Archive for July, 2011

Yondemasu yo, Azazeru san

Posted in anime on July 28, 2011 by isidor

There were surprisingly quite a few good shows this year (Hanasaku Iroha, Nichijou and the second Kaiji series); Azazel san is certainly the most depravedly laugh out loud one. In loving memory of Moloch san :*

For a short while

Posted in log on July 26, 2011 by isidor

Monday, 4th of July

In a state between fear, amazement and curiosity, I sit inside the bus on the way to Favone,  a paper block in my hands. The person next to me glances at it, perhaps wondering why am I studying such things. The block contains names and their translation, names I will now not ever forget. Entonnoir, louche, seau, spatule, planche, casserole, fuet. Exquisitely functional shapes float into my mind; they are somehow poetic when the language is not yours.
Then I flip the page, looking, peut-etre, even more silly, staring at a picture of a cow cut into pieces, each with its own name, trying to remember which one is the entre-cote and which one the cote. Crevettes, echalottes, framboises. Concombre, pasteque, poireaux. I think I remember them all; so far so good. Every bit of self confidence helps. I get off the bus and look around. The place is right next to the stop. Trying not so look completely lost (and definitely failing at it) I walk along the neatly polished wood beams.

Days go by. I begin by astonishing everybody with my abysmal knife skills, then with my ignorance and finally with a sloth like slowness, a special ability that allows me to open a can of tomatoes in the same amount of time that it takes one of them to cook a rôti de boeuf and dress it all the while brunoiseing an onion with the other hand and keeping an eye on me all the while, because otherwise I’d probably lose a finger or two and smear blood all over the kitchen. Mind you, it takes an awful lot of patience to be a cook, and they were some of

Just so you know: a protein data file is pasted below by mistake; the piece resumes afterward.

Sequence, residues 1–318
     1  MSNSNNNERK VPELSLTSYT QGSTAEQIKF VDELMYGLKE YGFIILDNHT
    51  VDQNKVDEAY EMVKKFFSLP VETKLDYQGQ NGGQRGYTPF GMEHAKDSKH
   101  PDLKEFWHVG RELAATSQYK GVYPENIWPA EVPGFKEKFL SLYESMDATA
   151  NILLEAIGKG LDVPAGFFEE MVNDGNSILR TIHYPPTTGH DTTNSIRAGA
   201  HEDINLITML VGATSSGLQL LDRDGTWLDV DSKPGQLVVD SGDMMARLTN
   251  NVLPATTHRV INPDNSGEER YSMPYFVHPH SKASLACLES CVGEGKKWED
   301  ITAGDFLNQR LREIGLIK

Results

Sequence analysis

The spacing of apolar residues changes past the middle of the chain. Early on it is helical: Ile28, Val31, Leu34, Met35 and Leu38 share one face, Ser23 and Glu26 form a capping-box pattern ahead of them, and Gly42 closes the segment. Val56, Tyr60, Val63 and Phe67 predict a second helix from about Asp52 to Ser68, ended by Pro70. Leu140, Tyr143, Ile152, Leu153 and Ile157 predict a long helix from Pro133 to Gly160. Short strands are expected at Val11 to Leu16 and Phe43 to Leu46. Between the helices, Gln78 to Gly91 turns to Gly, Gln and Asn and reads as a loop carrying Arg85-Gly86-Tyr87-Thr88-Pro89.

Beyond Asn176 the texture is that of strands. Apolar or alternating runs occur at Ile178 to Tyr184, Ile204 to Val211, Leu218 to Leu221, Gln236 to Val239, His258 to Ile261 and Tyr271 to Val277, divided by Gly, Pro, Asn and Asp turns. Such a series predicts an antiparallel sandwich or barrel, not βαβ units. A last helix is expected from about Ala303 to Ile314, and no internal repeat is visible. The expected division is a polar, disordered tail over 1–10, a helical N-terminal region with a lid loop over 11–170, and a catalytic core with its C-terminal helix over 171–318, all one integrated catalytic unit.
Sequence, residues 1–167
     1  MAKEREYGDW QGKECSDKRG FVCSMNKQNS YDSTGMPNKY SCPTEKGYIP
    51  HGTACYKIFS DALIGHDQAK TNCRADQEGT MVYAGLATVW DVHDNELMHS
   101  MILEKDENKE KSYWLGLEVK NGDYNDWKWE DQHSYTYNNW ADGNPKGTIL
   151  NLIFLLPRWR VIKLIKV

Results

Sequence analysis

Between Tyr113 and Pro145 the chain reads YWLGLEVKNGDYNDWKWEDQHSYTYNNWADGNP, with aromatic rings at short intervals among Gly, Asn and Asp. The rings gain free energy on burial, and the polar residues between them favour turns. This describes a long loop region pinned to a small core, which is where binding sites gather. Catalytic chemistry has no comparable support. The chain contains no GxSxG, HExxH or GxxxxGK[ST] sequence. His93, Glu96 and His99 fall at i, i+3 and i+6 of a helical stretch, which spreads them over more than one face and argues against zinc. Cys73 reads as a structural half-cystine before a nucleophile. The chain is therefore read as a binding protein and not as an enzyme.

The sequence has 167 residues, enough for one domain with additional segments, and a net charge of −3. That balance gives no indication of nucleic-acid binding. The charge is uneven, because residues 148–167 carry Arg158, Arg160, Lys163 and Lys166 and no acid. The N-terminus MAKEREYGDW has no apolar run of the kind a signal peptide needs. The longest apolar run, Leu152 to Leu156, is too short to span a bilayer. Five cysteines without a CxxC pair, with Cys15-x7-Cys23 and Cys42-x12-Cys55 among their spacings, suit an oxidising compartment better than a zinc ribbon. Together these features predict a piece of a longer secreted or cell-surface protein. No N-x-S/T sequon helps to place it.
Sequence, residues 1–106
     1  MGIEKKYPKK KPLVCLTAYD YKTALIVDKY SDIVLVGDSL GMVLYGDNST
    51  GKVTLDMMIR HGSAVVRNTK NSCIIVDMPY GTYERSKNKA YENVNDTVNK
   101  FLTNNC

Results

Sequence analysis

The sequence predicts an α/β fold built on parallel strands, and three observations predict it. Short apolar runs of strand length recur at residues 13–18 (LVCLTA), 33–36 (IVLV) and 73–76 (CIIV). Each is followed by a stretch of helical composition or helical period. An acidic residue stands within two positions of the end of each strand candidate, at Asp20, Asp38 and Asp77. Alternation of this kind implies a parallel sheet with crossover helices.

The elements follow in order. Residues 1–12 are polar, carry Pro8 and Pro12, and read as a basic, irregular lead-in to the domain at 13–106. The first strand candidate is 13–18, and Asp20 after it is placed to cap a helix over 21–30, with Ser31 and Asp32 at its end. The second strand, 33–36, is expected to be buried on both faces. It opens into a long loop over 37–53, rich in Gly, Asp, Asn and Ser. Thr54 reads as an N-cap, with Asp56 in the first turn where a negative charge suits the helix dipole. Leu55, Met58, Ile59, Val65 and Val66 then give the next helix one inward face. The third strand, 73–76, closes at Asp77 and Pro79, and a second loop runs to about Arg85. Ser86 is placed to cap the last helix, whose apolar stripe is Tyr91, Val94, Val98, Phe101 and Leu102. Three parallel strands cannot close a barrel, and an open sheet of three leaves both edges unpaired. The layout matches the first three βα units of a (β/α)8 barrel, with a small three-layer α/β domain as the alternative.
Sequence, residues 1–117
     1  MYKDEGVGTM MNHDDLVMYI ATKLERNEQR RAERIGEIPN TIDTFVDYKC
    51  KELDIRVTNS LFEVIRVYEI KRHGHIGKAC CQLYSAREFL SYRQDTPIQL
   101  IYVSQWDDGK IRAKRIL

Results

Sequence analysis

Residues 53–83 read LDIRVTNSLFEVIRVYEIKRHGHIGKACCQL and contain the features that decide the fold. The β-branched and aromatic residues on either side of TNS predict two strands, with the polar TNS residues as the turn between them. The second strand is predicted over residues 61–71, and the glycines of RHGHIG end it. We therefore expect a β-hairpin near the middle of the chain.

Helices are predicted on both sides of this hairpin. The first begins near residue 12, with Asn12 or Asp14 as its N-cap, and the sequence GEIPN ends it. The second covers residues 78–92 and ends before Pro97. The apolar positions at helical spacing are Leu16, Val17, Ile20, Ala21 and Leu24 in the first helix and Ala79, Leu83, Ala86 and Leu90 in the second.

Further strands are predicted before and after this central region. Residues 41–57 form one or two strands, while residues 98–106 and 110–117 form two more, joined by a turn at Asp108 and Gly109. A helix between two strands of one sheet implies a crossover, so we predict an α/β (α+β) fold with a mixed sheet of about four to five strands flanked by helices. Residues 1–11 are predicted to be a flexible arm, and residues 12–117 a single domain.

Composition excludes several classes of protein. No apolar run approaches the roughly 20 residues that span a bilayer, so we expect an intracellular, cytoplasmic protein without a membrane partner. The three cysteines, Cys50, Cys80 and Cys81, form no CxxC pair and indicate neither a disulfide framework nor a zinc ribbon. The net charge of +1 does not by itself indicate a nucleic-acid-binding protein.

the nicest people I ever met. As a matter of fact, they didn’t try to kill me when I put in the oven the fruit tartelettes instead of the tomato ones, nor when I opened the fridge  and made half a box of croquant de chevre, which we had patiently assembled the week before, fall irrietrevably on the floor, nor when I opened the same fridge the following day and and dropped the shrimps on the floor.
They even went ahead (well, after I had re-made what I had undone..) and told me how they, as beginners, had dropped not a box, but a whole fridge shelf unto another shelf, squashing the owner’s valuable cheese deposit into oblivion, to
which a stranglement attempt on the chef’s part ensued.
And that was that.
There’s more to it, but in the end, I didn’t manage. I left (well, I was thrown out.. amicably, I guess). What is to know is that attempting to learn such a job while in full season was not certainly a good idea, especially not for a slow learner like me. I will try again, that’s for sure. The others even encouraged me to study or apprentissage in France, and that was really kind. So, until next time.

(and am really sorry for bothering the staff over there.. I doubt they will be ever reading this, but I hope they’re having a good time, despite the eternal cat and mouse struggle between kitchen and service, personnel and management)

Oh, and the place? It was supposedly mid-high brow, but in the end some of the most popular dishes were: french fries, menu enfant (well, chicken) and the 25€, saucy, absolutely not fitting into your mouth in a single piece, 10 inch tall burger.
As I suspected, it’s no use hiding behind your foie gras; even if you got a porsche or two, tastier things will always be the same.

Late entry. How not to catch a ferryboat.

Posted in log on July 23, 2011 by isidor

Another unjustified blog. Just keeping track of things.

June, Friday the 17th.

Today marks my departure, the first post here, and perhaps also the most twisted morning of my life; alas, the jokes were on me and not on my part.
It all started when I tried to do something extremely simple: catching my ferryboat. Now, there were about 2 kilometers from where I was staying to my target location; wanting to be sure, I woke up 2 hours early, as that should have given me plenty of time to relax, I could even have walked it. Instead things went as follows: